People come in two types: those that chatter and those that count.
Women are more likely to chatter, men to count. Women incline to non-STEM subjects, men to STEM; as a consequence they go on to have different jobs and careers.
For both sexes, chatterers turn to humanities, counters to STEM.
This may be evidence of a sex difference.
Tom and his team’s excellent work makes it plain that there are some natural inclinations and ability profiles (tilts), not only between sexes, but within sexes and between those with different cognitive abilities. I don’t see this as something which needs remediation and some special campaign (and doubt that Tom thinks so). By all means offer maths classes and writing classes to those that want them. Indeed, offer them to those that don’t want them, so that the Two Cultures don’t divide permanently.
SEX DIFFERENCES IN ABILITY TILT
Thomas R. Coyle, Miranda C. Richmond and Anissa C. Snyder, University of Texas at San Antonio, firstname.lastname@example.org.
Although g is the best predictor of life outcomes (academic achievement), non-g factors may also predict such outcomes. One non-g factor with predictive validity is ability tilt, the difference in math and verbal scores on tests (SAT). There are two types of tilt: math tilt (math>verbal) and verbal tilt (verbal>math). Whereas prior studies have examined tilt in the profoundly gifted (1 in 10,000 in ability), the current study examines sex differences in tilt in nongifted subjects. Nongifted subjects show fatter ability profiles (less tilt), which may lower the predictive validity of tilt.
Unlike prior studies of nongifted subjects, the current study is the first to examine sex differences in tilt for outcomes after college (occupations, but also college majors and specific abilities).
Subjects (866 males and 1084 females) were drawn from the National Longitudinal Survey of Youth, a representative sample in the U.S. Tilt was based on math minus verbal scores on the SAT, ACT, and PSAT (in high school). College majors were STEM majors (science, technology, engineering, math) and humanities majors (English, history, languages). Occupations (around age 30) were STEM jobs (chemist, biologist, engineer) and verbally-loaded jobs (media, law, counseling). Specifc abilities (math, verbal) were based on the Armed Services Vocational Aptitude Battery (ASVAB).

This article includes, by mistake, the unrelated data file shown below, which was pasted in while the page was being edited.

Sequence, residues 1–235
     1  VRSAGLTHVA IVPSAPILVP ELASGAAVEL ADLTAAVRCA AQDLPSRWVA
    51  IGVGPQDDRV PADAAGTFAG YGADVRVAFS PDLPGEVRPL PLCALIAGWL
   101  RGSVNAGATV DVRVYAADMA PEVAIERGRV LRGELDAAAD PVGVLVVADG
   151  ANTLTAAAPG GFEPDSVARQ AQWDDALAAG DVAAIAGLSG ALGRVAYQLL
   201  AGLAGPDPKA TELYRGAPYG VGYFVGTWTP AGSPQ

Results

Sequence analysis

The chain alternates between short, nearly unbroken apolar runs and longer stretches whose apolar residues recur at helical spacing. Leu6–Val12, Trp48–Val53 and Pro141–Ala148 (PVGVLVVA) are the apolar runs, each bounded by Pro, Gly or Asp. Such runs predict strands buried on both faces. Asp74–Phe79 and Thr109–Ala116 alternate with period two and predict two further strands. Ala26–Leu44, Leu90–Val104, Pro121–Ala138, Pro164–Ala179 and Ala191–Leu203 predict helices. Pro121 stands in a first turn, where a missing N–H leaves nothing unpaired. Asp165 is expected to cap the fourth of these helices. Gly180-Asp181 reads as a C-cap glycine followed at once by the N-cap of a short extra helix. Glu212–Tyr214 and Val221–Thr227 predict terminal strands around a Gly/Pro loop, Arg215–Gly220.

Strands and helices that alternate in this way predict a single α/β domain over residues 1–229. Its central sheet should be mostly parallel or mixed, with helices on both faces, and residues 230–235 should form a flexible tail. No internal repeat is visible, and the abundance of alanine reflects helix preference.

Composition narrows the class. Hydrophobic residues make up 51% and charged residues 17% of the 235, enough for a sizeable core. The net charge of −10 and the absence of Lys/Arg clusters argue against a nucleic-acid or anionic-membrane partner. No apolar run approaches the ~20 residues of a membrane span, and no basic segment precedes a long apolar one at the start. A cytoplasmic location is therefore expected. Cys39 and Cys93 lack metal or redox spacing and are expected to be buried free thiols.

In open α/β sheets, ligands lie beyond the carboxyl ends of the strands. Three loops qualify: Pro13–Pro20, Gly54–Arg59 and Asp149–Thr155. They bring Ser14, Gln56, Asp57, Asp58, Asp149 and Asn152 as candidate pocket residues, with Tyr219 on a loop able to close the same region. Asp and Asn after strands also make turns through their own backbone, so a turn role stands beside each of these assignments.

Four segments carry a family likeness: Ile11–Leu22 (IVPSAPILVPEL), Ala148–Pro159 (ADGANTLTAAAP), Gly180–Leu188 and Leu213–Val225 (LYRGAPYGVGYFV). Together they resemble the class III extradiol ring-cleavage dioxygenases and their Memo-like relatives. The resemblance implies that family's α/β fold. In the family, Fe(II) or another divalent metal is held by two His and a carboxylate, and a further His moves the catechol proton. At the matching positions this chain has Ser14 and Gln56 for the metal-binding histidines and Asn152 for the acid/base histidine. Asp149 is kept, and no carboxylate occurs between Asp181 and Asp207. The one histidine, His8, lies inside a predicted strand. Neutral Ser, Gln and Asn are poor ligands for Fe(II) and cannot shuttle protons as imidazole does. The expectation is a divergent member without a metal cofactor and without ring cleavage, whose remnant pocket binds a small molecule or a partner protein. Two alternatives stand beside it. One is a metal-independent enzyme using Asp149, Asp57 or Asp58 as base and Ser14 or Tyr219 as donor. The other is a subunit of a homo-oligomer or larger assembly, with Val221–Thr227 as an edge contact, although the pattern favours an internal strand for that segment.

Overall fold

Sex differences in levels (or frequency) of tilt were examined with ANOVAs (chi-squares), and tilt relations with specific abilities were examined with structural equation modelling. Significant effects are reported at p<.05. Tilt was unrelated to g (based on the ASVAB) for males and females (r < .10), confirming its non-g status.
Math tilt (math>verbal) on all tests (SAT, ACT, PSAT) was more common for males, whereas verbal tilt (verbal>math) was more common for females. In addition, STEM majors and jobs were more common for males, whereas humanities majors and verbally-loaded jobs were more common for females. For both sexes, STEM majors and jobs were associated with math tilt, and humanities majors and verbal jobs were associated with verbal tilt (r ~ .35). Also for both sexes, math tilt predicted math ability (on the ASVAB), and verbal tilt predicted verbal ability (betas ~ .30), confirming the construct validity of tilt.
The results were confirmed for all tests (SAT, ACT, PSAT). Tis study is the first to examine sex differences in tilt for nongifted subjects. Tilt was unrelated to g, confirming its non-g status, but still differentiated males and females. Males tended to show math tilt, which predicted STEM outcomes, whereas females tended to show verbal tilt, which predicted verbal outcomes. The absence of sex differences in tilt relations (with jobs and majors) suggests that males and females with math tilt prefer STEM whereas those with verbal tilt prefer humanities.
An important question for public policy is why fewer females show math tilt (which may reduce STEM participation). Future research will examine tilt at earlier ages (elementary school) and also examine other abilities (spatial ability) that may contribute to sex differences in tilt and STEM.